If you don’t read my blog regularly, you might not know that I’m kind of into gin and tonics. Like a lot. and the funny thing is that I never imagined there would be much variation in this classic cocktail before I started this blog. I mean, it’s gin and tonic water with some ice and lime. What else is there? Turns out there’s plenty, yet another one is this Elderflower Spanish Gin and Tonics recipe. I’ve tried Spanish Gin Tonics, and I’ve even tried a G&T with grapefruit, so I’m very curious to find out if combining them will be a Pinterest success or failure. Only one way to find out…
Recently, I have been seeing Spanish style Gin & Tonics pop up on menus and they have changed the G&T game for me! England can take credit for the creation of the original, but the Spanish used their sense for flair to make this classic drink really shine!
I usually have a few ingredients in my pantry, and that was the case with this recipe. You’d think I had the gin and maybe the tonic water since I’m such an avid gin and tonic fan, but you would be wrong. No, the only item I had on hand was the dried juniper berries. Weird, huh?
That left me to shop for everything else, and that meant a couple of trips. My regular grocery store had grapefruit and rosemary, of course. They also had Fevertree Tonic Water, but not the elderflower flavor. That and the St. George Botanivore Gin required a trip to Total Wine.
This drink was quick and easy to make once all the prep work was done (and I use the term “work” loosely). First up was the ice. I’m the kind of person who usually gets my ice from the dispenser without another thought, but that’s changing. Larger ice cubes take longer to melt, allowing you to sip your cocktail longer. This is a good thing, so I now keep a couple of ice cube trays in the freezer just for these occasions (and I’m not a great planner LOL).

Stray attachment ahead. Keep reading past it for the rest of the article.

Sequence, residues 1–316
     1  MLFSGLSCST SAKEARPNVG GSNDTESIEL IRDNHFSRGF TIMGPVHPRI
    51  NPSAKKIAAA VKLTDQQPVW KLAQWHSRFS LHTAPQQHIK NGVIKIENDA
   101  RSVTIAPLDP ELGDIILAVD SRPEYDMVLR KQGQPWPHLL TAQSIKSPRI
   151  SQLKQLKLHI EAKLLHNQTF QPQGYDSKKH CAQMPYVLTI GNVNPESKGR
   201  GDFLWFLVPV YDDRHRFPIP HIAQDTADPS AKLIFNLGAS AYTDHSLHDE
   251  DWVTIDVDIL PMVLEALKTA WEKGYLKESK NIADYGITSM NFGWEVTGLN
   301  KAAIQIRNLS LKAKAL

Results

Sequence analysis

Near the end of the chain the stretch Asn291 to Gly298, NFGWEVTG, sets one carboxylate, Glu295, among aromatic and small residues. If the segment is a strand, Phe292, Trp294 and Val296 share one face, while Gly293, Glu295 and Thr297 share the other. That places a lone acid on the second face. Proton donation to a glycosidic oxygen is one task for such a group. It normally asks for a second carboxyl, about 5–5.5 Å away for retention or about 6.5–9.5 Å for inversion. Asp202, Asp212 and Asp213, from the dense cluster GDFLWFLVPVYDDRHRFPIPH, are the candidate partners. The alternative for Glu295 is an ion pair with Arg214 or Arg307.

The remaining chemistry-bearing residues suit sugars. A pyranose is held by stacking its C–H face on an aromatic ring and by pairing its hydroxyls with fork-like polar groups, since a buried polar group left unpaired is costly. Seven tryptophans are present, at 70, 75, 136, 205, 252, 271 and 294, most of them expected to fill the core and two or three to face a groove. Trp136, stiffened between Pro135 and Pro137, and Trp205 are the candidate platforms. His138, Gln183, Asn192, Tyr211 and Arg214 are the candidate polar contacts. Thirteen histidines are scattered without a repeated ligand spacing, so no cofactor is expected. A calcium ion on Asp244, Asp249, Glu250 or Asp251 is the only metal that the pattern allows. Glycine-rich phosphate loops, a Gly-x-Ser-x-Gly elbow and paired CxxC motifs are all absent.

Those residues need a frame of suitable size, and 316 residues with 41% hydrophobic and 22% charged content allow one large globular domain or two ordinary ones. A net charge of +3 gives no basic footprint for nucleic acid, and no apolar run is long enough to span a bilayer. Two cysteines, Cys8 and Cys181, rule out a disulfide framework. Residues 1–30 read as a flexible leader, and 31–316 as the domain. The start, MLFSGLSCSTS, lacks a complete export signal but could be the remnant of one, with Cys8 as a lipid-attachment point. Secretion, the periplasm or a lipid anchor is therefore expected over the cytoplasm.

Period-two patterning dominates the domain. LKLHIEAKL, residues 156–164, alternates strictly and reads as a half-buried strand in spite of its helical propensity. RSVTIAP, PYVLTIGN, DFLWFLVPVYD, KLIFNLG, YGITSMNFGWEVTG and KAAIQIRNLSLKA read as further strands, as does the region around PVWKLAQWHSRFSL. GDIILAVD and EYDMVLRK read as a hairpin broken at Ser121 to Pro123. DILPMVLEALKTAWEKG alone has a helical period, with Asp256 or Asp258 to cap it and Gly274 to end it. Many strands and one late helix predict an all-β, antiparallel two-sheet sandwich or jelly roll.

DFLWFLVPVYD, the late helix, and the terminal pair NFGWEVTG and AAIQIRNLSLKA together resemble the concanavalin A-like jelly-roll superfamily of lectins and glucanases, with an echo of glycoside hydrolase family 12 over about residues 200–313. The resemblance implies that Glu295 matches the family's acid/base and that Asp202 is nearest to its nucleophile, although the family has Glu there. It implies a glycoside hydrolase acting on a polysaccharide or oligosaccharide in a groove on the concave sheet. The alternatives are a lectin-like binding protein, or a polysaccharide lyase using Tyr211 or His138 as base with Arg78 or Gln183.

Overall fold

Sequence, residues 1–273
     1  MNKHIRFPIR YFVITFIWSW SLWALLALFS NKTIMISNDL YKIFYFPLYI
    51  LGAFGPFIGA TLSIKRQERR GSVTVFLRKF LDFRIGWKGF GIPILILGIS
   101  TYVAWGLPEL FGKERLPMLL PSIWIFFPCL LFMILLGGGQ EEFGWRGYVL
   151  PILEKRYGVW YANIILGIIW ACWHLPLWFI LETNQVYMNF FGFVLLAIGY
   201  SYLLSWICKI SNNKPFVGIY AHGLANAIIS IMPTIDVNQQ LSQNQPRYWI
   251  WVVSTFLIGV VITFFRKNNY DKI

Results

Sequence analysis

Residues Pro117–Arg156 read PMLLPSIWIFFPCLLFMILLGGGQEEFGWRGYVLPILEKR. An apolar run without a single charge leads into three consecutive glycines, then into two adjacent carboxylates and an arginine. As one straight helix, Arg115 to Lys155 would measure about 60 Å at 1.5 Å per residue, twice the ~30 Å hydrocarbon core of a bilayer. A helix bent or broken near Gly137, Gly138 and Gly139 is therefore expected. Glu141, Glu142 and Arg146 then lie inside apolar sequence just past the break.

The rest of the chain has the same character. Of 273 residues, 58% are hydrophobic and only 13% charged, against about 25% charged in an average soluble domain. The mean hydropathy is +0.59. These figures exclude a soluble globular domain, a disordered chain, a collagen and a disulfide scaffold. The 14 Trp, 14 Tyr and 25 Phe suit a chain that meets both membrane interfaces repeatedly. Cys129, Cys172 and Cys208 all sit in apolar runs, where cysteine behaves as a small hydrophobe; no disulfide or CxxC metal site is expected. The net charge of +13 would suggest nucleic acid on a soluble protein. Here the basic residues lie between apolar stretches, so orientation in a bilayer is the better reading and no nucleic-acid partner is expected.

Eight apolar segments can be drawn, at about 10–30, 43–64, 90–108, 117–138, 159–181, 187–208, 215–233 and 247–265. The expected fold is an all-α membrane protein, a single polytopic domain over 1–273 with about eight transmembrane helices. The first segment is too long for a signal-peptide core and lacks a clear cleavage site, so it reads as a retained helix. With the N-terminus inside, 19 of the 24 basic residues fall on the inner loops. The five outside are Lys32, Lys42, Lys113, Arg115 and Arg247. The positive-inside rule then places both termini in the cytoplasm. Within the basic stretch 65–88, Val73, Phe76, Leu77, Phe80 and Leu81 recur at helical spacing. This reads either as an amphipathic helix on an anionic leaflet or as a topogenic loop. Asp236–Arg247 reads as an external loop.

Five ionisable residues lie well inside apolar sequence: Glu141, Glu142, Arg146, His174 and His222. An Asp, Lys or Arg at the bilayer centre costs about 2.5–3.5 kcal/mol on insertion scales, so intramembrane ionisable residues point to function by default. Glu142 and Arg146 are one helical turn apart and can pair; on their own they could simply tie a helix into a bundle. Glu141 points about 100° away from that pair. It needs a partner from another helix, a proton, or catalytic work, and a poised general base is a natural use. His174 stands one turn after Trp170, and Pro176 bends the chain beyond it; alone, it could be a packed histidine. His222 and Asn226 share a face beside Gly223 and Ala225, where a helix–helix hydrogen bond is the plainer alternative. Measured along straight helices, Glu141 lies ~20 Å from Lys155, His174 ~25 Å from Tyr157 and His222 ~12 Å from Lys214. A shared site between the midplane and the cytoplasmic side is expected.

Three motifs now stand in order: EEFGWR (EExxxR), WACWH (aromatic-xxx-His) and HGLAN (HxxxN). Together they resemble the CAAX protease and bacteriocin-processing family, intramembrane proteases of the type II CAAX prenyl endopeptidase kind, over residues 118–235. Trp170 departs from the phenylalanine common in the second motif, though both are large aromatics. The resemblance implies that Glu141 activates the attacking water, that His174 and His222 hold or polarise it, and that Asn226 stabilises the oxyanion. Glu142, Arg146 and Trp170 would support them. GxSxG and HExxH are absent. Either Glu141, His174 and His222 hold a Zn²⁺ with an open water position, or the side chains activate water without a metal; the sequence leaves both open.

You also have to chill the glass you plan to use for half an hour. It sounds like a small thing you could skip, but trust the recipe here! A chilled glass makes a big difference for pretty much any cold beverage and especially cocktails.
Next up, gather your ingredients and supplies. It’s a short list, especially the supplies: a knife to cut the grapefruit and a measuring glass or jigger. This drink is mixed in the glass, so all you need is something to measure the gin.
I didn’t even measure the tonic water. Instead, I added all the other ingredients and poured the tonic over them until the glass was filled. It took most of the bottle and I’m sure was close enough to the six ounces listed in the recipe.
Tip: Add the grapefruit before adding the ice. It was a little difficult to get the slices into the glass after filling it with ice cubes.